I hope that your 2015 is off to a great start! I spent New Year's Eve and the first week of the year in the Cote D'Azur, France with my wonderful husband exploring, relaxing and eating (not necessarily in that order!) The weather was gorgeous every single day and we had a terrific time.
The city of Nice was a part of Italy until 1858 when it became a part of France. It still retains a huge amount of Italian influence with architecture, cuisine and language. Sometimes I had to remind myself I was actually in France because it felt so similar to Italy. Here I am in Garibaldi Place.
Many famous artists such as Matisse, Picasso, Bonnard and Chagall spent time in Provence and the Cote D'Azur and I can see why. The art, the architecture, the landscape, the Ocean and the light are really something! I was charmed by this art store in the city center.
My daily breakfast while in Nice usually consisted of a "pain au chocolat" or chocolate croissant and coffee. I decided to take a break from kale smoothies - I was on vacation after all!
Apparently, colored toilet paper is not extinct in France. I haven't seen pink tp since the late 70's! When we ran out of tp, my efficient husband ran out to the store across the street and picked this up - it was all they sold and the color was quite alright by me.
Pretty cool architecture at the train station, no?
All the gorgeous flowers and potted trees on street stands were tempting and the flower market at Cours Saleya made me drool. Too bad bringing back plants is too unwieldy and forbidden in customs.
We were happy to see that all of the Christmas decorations were still on display. This was one of the main shopping thoroughfares on Avenue Jean de Medecin. One of our favorite places was Monoprix - a French department store similar to a Target. Most of the merchandise is not anything to write home about, but their great food selection is another matter. We spent a long time just perusing all of the unique culinary offerings and especially enjoyed picking out a few pastries. Very hard to settle on just 1 dessert, but my pick was the tart citron with meringue and I was far from disappointed!
Who knew that Nice and the Cote d'Azur is famous for its anchovies or "anchois"?!! My husband has a new nickname for me - "Anchois". Never gonna live that one down.....
I couldn't get over this.......is this suckling pig afraid of the flu or are they concerned his snout might crisp up before the rest of him?
This charming and tiny umbrella shop was founded in 1850 in the historic center of the old town. Loved the neon umbrella over the awning.
This impressive edifice is the court or "Palace of Justice". The architecture and coloring of the buildings here is amazing.
This delicious concoction is a regional specialty called "socca". The line for this vendor was long, but it's definitely worth the wait. French Riviera street food at its best. Socca is made from chickpea flour, water and olive oil. Simple, but amazing. We bought a copper socca pan and flour and lugged it back home with us. We have already tried making socca at home and it was actually almost just as good. I guess it's hard to mess up a recipe with only 3 ingredients.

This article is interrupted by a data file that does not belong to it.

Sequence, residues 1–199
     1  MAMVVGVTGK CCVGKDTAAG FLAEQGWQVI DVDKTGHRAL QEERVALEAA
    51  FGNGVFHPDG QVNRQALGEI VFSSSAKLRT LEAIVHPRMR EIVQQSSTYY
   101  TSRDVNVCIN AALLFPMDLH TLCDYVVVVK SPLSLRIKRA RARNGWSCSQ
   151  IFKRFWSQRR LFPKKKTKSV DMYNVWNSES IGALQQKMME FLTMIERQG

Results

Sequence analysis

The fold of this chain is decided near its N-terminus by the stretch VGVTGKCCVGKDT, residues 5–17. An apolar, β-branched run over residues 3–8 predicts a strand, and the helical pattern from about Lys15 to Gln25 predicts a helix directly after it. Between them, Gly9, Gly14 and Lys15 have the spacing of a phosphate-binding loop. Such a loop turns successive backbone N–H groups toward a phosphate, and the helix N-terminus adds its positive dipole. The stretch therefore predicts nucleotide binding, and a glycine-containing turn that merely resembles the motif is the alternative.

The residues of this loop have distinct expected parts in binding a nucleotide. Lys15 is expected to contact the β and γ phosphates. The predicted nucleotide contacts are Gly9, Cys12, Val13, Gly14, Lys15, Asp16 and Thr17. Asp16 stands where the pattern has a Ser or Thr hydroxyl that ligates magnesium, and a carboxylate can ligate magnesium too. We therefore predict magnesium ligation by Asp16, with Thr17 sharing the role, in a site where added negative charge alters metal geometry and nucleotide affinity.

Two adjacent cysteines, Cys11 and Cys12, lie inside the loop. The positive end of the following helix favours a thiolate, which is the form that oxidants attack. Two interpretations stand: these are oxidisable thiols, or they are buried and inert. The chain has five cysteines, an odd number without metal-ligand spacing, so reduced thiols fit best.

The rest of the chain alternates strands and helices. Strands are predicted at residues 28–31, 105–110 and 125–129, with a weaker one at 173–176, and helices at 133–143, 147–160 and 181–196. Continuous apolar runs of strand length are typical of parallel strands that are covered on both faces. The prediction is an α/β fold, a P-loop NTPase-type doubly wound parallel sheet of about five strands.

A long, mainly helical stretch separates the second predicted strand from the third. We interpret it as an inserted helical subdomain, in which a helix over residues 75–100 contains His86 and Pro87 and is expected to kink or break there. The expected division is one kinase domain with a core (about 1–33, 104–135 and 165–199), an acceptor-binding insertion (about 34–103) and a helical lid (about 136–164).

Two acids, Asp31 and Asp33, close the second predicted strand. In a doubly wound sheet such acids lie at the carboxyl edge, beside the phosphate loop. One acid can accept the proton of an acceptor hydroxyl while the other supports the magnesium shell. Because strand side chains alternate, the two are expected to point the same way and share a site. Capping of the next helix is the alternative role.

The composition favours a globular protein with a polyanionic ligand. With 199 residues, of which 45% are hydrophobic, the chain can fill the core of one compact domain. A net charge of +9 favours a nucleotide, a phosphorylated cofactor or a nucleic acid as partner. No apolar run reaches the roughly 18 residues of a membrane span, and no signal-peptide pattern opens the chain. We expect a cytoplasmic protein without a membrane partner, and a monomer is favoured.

Our private little oasis in the city.
The famed Negresco Hotel on the main drag, the Promenade des Anglais.
I was amused by the vending machine at the airport - French style necessities and no bag of Doritos in sight!
Hanging out in Monte Carlo, which is beautiful and immaculate but also has a sort of Disney-esque, surreal amusement-park-like quality to it. There are some real unique characters crawling all over. Definitely not the sort of place for the understated or discreet anything. People come here to see and be seen and it's pretty entertaining, let me tell you.
Cap Ferrat was much more my speed and my favorite spot...had an amazing lunch here at La Goelette. The risotto fruits de mer was incomparable and the service warm and exceptional.
I loved the floating creche in the port at Cap Ferrat.
Back in Nice at the Musee Matisse. An interesting place as I am a long time fan of Matisse but a few of the employees were not exactly reflective of the cheer and warmth in Matisse's work. Ahem....they do not seem very happy to be sharing his work or life with the museum goers - even after you pay to get in and however much you are quiet and keep to museum etiquette. We found almost all of the French to be very courteous and helpful, but this place had a distinct pallor of sadsack snobbery and resentful coolness about it, especially in the museum shop. Maybe we were just there on a "grouchy" day?
Having French ancestry in my background, France is always an especially great place to visit and the food and weather were especially delightful. Next time we want to visit Antibes, Cannes, Menton and St. Tropez but meanwhile it's back to reality and translating some French inspiration into artistic expression back home at the studio.